Unilever Buys Condiment Maker Sir Kensington's

April 24, 2017
Terms weren't announced but becoming part of Unilever will boost the small condiments maker with expanded distribution and retailer/supplier advantages.

Unilever agrees to purchase Sir Kengington's, a tiny condiments maker that has won shelf space at Whole Foods and other retailers. Terms of the deal weren't disclosed. Belgium's Verlinvest, a family investment firm, and the founders' friends and family members who invested in the business, will be bought out, giving Unilever full ownership of the New York company. The move comes at a time when consumers are increasingly willing to try out new brands they find at the grocery store, the New York Times has reported.

Sir Kensington's, which makes ketchup, mayonnaise and mustard products that are all non-GMO, also produces Fabanaise, a vegan mayonnaise made from aquafaba, which is the cooking liquid derived from leftover chickpea processing. Sir Kensington's, which was founded in 2010, and other upstart brands that explore new flavors and cleaner labels, might pose a bit of a threat to Unilever's legacy brands like Hellmann's, as consumers are willing to give lesser known brands a chance today. Hellmann's has made efforts to be more on trend, with its recent move to only use cage-free eggs for the mayo and mayo dressing sold in the U.S. At Natural Products Expo West this year, several companies exhibited vegan mayonnaise and specially flavored  mayos, which Sir Kensington's already has in its lineup.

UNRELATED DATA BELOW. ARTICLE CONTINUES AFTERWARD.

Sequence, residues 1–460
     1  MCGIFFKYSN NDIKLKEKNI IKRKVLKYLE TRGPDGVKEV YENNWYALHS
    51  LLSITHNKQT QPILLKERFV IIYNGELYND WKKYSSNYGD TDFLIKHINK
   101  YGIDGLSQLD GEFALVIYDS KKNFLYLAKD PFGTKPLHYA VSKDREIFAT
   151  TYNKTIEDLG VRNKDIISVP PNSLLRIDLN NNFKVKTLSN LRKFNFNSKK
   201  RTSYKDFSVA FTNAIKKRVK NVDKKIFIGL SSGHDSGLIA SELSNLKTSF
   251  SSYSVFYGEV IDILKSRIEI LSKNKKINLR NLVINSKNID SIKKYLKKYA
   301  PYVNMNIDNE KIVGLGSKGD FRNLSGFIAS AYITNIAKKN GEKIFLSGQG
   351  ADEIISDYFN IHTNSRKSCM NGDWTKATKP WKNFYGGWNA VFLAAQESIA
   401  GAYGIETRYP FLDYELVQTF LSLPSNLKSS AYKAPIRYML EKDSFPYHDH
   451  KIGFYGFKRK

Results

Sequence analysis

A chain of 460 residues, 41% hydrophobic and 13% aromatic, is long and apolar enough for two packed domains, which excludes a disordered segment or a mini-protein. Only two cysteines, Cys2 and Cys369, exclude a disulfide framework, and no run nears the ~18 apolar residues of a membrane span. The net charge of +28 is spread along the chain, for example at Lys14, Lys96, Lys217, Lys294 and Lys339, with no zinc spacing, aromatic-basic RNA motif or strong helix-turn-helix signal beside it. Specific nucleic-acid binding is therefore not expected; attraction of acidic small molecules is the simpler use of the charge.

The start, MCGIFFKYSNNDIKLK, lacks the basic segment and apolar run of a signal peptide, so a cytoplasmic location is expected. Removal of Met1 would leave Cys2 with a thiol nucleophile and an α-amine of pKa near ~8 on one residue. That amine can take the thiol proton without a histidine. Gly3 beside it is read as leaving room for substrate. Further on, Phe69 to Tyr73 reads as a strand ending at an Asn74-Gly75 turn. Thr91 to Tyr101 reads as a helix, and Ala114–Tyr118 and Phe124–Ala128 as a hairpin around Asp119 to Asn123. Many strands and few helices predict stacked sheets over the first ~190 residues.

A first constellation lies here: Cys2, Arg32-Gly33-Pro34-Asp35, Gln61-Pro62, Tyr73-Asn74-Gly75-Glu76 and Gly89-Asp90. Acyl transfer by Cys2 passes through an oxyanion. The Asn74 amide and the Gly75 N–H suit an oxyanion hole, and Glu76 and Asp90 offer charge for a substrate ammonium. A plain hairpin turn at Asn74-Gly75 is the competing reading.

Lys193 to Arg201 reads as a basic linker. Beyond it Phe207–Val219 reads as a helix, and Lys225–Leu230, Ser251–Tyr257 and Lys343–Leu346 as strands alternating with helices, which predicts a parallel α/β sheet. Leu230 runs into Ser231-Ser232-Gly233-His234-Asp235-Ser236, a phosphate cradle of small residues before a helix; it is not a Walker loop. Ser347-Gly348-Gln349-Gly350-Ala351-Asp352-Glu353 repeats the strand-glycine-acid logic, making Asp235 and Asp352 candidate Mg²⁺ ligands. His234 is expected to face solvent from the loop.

Sir Kensington's cofounders Mark Ramadan and Scott Norton will continue in their roles at the company, Unilever said. The acquisition, which is expected to close in the next few weeks, is an example of moves by several Big Food companies, including General Mills, Kellogg and Campbell, to establish venture-capital arms investing in food startups.

But Unilever's position is different because it spurned a $143-billion mega merger offer from Kraft Heinz in late February, and as a result, is under pressure from shareholders to prove it has a strategy in place to "go it alone," the New York Times reported. Unilever, which touted a "strong start" to 2017, is also contemplating the sale of some of the company's food brands that fall under its spreads business. Some Wall Street analysts have speculated that Kraft Heinz may come back to Unilever with an offer for just the food/beverage portfolio, which includes Ben & Jerry's ice cream, Talenti gelato and now—Sir Kensington's.

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